Welcome to our new #FridayReads feature on the blog. Every week, we’ll be excerpting a chapter of one of our favorite books to start your weekend. This week, it’s Maria Padian’s fictional foray into the intricacies of sexual assault on college campuses, Wrecked.
About the Book
Everyone on campus has a different version of what happened that night.
Haley saw Jenny return from the party, shell-shocked.
Richard heard Jordan brag about the cute freshman he hooked up with.
When Jenny accuses Jordan of rape, Haley and Richard are pushed to opposite sides of the school’s investigation. Now conflicting versions of the story may make bringing the truth to light nearly impossible–especially when reputations, relationships, and whole futures are riding on the verdict.
Wrecked offers a kaleidoscopic account of a sexual assault on a college campus. It will leave you thinking about how memory, identity, and who sits in judgment shape what we all decide to believe about the truth.
Scroll down for an excerpt.
Haley’s not a hugger.
Never has been. So when she opens the door to their room and finds Jenny waiting, she is startled by her own response.
Haley drops her pack and walks straight to where Jenny sits on her bed, open laptop resting on her knees, a box of tissues at the ready. She ignores all that, even the stray, used tissues. She ignores the polite, respectful distance that has made them such good roommates and slides herself onto the thin wedge of bedside next to Jenny, the computer tilting dangerously. She feels her own eyes fill as she throws her arms around the girl’s shoulders and, wordless, squeezes tight.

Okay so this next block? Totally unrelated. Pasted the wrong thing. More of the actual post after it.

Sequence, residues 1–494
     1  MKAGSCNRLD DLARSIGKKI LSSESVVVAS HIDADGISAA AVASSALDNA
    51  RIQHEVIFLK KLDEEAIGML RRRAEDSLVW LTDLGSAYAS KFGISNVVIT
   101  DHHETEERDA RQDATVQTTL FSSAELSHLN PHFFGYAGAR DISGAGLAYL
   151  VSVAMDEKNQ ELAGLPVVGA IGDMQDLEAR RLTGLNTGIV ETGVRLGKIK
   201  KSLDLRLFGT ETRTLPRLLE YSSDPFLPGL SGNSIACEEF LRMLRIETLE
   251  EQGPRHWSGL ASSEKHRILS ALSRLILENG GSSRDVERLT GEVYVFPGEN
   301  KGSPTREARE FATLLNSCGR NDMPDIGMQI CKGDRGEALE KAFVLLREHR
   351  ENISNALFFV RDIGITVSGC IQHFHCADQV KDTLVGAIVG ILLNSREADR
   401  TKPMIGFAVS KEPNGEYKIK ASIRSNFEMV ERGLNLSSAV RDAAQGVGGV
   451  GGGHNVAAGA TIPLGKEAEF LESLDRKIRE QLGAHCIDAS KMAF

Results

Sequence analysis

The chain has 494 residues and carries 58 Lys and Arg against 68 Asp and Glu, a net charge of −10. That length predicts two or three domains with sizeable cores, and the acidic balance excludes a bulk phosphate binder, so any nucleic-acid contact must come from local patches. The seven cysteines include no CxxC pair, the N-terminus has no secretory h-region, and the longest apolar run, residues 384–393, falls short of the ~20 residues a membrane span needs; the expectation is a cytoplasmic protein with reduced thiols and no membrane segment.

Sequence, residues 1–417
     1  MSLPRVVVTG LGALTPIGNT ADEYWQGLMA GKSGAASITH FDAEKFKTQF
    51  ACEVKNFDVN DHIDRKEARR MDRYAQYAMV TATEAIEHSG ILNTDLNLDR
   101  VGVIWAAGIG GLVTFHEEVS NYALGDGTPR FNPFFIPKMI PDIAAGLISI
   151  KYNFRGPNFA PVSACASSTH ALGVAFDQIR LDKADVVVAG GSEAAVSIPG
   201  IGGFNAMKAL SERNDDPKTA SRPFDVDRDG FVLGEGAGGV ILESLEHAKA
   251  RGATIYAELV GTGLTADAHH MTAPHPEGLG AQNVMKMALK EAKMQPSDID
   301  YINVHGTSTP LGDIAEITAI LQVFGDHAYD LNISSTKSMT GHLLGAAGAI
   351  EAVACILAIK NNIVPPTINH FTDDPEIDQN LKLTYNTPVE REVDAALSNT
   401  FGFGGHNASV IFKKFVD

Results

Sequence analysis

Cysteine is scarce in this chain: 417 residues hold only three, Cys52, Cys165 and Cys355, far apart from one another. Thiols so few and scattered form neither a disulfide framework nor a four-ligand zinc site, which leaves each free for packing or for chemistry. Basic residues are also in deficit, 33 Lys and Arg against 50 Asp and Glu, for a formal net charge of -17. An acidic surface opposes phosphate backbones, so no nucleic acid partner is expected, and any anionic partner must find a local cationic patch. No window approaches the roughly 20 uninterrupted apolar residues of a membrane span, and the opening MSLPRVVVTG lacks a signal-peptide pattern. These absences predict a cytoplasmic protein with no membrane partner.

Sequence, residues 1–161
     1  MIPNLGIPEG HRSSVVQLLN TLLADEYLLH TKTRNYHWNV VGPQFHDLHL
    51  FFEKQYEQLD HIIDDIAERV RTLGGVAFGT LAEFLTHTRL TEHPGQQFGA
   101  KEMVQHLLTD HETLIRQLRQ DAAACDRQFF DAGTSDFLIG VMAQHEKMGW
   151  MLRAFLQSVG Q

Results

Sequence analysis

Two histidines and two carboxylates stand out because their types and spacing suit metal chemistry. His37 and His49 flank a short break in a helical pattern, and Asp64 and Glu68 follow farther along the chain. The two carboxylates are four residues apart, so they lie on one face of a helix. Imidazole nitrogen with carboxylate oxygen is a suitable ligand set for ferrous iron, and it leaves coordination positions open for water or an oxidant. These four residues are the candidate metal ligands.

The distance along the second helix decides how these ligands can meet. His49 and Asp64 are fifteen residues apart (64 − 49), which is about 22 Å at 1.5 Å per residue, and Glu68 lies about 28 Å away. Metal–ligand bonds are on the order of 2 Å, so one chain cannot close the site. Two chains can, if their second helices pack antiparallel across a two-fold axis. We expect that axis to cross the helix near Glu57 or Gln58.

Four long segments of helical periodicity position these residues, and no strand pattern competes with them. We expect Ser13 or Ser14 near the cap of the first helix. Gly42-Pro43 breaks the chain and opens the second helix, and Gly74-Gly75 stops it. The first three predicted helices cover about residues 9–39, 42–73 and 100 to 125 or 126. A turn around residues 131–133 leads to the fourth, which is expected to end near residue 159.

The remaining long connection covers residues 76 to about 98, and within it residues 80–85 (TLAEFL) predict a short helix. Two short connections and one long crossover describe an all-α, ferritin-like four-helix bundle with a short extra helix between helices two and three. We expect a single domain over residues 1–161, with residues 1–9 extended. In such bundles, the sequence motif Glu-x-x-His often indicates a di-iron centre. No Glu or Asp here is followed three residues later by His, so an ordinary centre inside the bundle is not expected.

Oh, Jen. I’m so, so sorry, she doesn’t say out loud.
Her roommate shakes with silent sobs. Haley just holds on. She doesn’t know how long.
When they finally move apart, Haley stays on the bed. Jenny’s face is creased and red-streaked. Her eyelids look raw.
“I feel terrible. I had absolutely no idea,” Haley says quietly.
“How could you? I didn’t tell you. I could barely admit it to myself.”
“You’re being really brave.”
Jenny angles her head away. “I don’t know. If I’m so brave how come I didn’t fight him off? How come I let this happen to me?” Fresh tears begin to form in her eyes. “I don’t feel brave. I feel stupid.”
When Richard hears the soft knock on his door late that night, he doesn’t move. The handle turns, and his door opens a crack.
It’s Jordan. Who looks awful.
“Can I come in?” Jordan asks as he walks in and sits on the bed.
“What’s up?” Richard asks. This is not Jordan’s usual Wednesday night face. For one thing, he’s sober.
Jordan runs his hand through his hair. “Listen, I have to ask you something. Do you remember last week, when you and I were talking about the party? I told you about that girl I met? The freshman?”
“Did you repeat that to anyone?”
“I don’t think so.”
“Well, did you or didn’t you?” Jordan demands. “I need you to be sure.”
“Whoa.” Richard puts his hands up. “I’m sure I did not repeat what you said.”
Relief spreads over Jordan’s face.
“Mind telling me what’s up with you tonight?”